My space week was a real blast
McLaren High School student Niamh King (now S6) was selected to attend the Scottish Space School this summer at Strathclyde University. Here is her report of the week-long event:
Every summer 100 S5 Scottish school pupils are selected to attend the residential summer school which consisted of a mixture of lectures, labs, and workshops on a space theme and delivered by academics and researchers from the Faculty of Engineering, as well as visiting NASA representatives.
The first day saw us split into 10 teams of 10 with each team named after an ISS module - my team was called Destiny. We were introduced to our mentors and lecturers as well as doing many ice-breaker games so we all got to know each other. Day two was an introduction to design, manufacture and engineering management and we were set a project to work on throughout the week. We were introduced to NASA astronaut Sunita Williams, a veteran of two space missions, Expeditions 14/15 and 32/33 to the International Space Station (ISS). She is currently training for the first post-certification mission of Boeing’s Starliner spacecraft – the second crewed flight for that vehicle – and her third long duration mission aboard the ISS.
We were then set the challenge to construct rockets that would later in the day be launched from Kelvingrove Park, it was incredibly fun and our rockets were then judged by Sunita and Joel Montalbano - NASA Deputy International Space Station (ISS) Program Manager. That evening Sunita gave a presentation on her journey to becoming an astronaut and her experiences in space. Finally at the end of the day the mentors gave us a presentation on what it is like to study engineering.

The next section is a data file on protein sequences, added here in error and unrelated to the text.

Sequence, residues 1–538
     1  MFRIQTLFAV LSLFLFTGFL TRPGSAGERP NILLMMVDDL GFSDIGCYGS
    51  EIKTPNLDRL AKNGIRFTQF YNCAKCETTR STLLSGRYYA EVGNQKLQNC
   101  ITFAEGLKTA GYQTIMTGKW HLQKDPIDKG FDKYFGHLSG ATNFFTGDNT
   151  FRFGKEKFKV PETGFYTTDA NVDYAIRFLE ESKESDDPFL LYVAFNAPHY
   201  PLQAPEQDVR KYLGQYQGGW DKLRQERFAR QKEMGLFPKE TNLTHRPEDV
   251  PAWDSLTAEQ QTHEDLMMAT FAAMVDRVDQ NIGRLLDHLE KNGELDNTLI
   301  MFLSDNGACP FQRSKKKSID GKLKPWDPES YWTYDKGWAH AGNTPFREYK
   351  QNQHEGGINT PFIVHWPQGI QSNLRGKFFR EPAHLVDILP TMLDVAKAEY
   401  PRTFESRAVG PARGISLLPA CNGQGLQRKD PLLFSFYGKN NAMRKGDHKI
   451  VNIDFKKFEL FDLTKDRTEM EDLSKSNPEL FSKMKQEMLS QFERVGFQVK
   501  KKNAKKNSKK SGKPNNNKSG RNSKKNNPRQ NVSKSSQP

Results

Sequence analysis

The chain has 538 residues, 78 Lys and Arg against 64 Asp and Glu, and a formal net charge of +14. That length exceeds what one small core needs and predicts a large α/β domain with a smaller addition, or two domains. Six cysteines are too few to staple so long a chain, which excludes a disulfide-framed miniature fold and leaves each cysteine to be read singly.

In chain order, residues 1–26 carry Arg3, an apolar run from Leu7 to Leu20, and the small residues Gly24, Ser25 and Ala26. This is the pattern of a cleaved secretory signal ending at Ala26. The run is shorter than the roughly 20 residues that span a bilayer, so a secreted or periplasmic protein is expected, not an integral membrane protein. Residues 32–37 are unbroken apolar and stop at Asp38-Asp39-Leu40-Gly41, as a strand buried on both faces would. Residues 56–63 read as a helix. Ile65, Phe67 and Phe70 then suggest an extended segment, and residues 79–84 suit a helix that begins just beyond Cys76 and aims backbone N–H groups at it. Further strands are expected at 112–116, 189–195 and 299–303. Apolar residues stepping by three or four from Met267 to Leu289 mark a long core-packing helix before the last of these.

On the third day there was an introduction to biomedical, prosthetics and orthotics engineering, followed by a workshop on mechanical and aerospace engineering where we built a virtual reality headset. In the afternoon a chemical engineering workshop had us making bouncy balls from different formulas and measuring how effective each formula was.
In the evening we were introduced to NASA flight surgeon Dr Richard Scheuring who gave a presentation on his role and a talk from Clyde Space, a Scottish company which designs and manufactures its own micro-satellites.
Day four was an electronic and electrical engineering workshop in the morning where we built a heart monitor using various electrical components and later on we worked on a project to create a product that would improve an aspect of life for astronauts on the ISS. In the afternoon Nikki Lloyd, a previous intern from NASA and daughter of the founder of the Space School, gave a presentation where she talked about her experience of studying different types of diseases at the research centre in Houston, Texas. That evening we had an open mic night where each team did a performance that everyone involved got to watch and were judged by the NASA guests.